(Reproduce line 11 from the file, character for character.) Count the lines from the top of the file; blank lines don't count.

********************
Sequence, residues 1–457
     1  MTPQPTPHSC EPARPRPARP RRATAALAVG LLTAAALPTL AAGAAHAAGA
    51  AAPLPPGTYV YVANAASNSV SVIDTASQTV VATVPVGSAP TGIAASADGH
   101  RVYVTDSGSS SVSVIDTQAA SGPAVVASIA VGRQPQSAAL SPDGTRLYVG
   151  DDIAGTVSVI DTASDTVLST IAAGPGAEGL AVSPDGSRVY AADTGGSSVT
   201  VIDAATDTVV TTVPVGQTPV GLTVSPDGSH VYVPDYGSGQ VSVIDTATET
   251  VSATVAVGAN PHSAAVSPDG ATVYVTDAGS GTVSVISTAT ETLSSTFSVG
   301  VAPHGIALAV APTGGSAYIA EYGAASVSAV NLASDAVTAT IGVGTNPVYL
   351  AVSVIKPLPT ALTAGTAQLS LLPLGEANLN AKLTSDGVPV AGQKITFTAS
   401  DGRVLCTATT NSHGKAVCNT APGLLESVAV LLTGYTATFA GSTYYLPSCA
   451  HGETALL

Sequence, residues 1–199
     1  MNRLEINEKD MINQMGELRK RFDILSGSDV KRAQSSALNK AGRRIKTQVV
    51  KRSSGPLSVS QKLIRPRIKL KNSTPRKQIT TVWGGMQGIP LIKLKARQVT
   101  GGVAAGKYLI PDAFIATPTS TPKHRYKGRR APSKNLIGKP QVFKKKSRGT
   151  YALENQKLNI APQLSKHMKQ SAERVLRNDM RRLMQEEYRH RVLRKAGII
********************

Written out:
   451  HGETALL